There are three basic types of averages on the SAT that you should be pretty comfortable with at this point, and all of them start with the letter “m.” Those are the mean, the median, and the mode. In case those aren’t second nature, let’s define them, quickly.

Mean

This is the most commonly used type of average and the most commonly tested on the SAT. The formula is simple enough. where n is the number of terms added in the numerator.  In the set of numbers {2,3,4,5}, 3.5 would be the mean, because 2+3+4+5=14, and Median

If the numbers in a set are listed in order, the median is the middle number. In the set {1,5,130}, 5 is the median. In the set above, {2,3,4,5}, the median is 3.5, which is the mean of the middle two terms since there’s an odd number of them.

Mode

The mode is just the number that shows up the most often. It’s perfectly possible that there is no mode or that there are several modes. In the set {5,7,7,9,18,18}, both 7 and 18 are modes.

What’s important to know about averages on the SAT

Averages come up in an algebra or word problems. You’ll usually have to find some value using the formula for a mean, but it may not be as simple as finding the average of a few numbers.  Instead, you’ll have to plug some numbers into the formula and then use a bit of algebra or logic to get at what’s missing.

For example, you might see a question like this:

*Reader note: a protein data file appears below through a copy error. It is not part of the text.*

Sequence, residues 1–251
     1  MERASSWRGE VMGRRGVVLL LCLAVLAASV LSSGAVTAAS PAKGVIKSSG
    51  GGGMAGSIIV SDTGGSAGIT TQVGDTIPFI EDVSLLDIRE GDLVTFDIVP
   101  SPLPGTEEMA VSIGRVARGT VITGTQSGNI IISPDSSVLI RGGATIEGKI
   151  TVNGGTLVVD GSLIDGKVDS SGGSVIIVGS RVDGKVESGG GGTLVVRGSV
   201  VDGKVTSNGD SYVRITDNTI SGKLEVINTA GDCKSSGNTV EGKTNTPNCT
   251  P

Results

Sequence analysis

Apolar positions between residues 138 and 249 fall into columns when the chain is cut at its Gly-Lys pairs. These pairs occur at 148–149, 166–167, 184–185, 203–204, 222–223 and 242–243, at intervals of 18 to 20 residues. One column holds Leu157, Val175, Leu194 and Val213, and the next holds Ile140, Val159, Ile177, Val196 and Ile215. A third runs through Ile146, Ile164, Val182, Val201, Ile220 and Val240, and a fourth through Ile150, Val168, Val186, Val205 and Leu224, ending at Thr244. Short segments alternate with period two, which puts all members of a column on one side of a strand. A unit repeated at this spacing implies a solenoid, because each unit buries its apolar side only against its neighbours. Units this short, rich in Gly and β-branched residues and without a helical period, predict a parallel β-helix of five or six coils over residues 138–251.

If the arithmetic mean of x, 2x, and 6x is 126, what is the value of x?

To solve the question, you’ll need to plug it all in to the formula and then do some variable manipulation.   Medians and modes, on the other hand, don’t show up all that often. Definitely be sure that you can remember which is which, but expect questions on means, most of the time.

One more averages practice problem

If three sisters have an average (arithmetic mean) age of 24, and the youngest sister is 16, what is the sum of the ages of the two older sisters?

1. 28
2. 32
3. 56
4. 60
5. 72

If you’re careful to remember that the question is asking you for the sum of the sisters’ ages, you can solve this one pretty quickly. Keep in mind that we can’t find their individual ages, though. There’s not enough information for that. First we find the total combined age of the three, which must be 72, since . Careful not to fall for the trap that is (E), we take the last step and subtract 16 from that total age to find the leftover sum, which is 56, or (C).

Lucas is the teacher behind Magoosh TOEFL. He’s been teaching TOEFL preparation and more general English since 2009, and the SAT since 2008. Between his time at Bard College and teaching abroad, he has studied Japanese, Czech, and Korean. None of them come in handy, nowadays.

2 Responses to “SAT Math: Types of Averages”

1. M says:

Hi I was doing one of these problems listed above.
If the arithmetic mean of x, 2x, and 7x is 127, what is the value of x?
In the equation you have 126 instead of 127.
So x+2x+7x/3 = 126
x+2x+7x = 378
10x=378
x= 37.8 You could only get 42 if you divided by 9, right? I just want to know if I’m
doing it correctly. Thanks

2. Kristin Fracchia says:

Hi M! You are absolutely right! Thank you for catching our typo (embarrased face). We’ve fixed the problem in the post. Three cheers for your eagle eyes!

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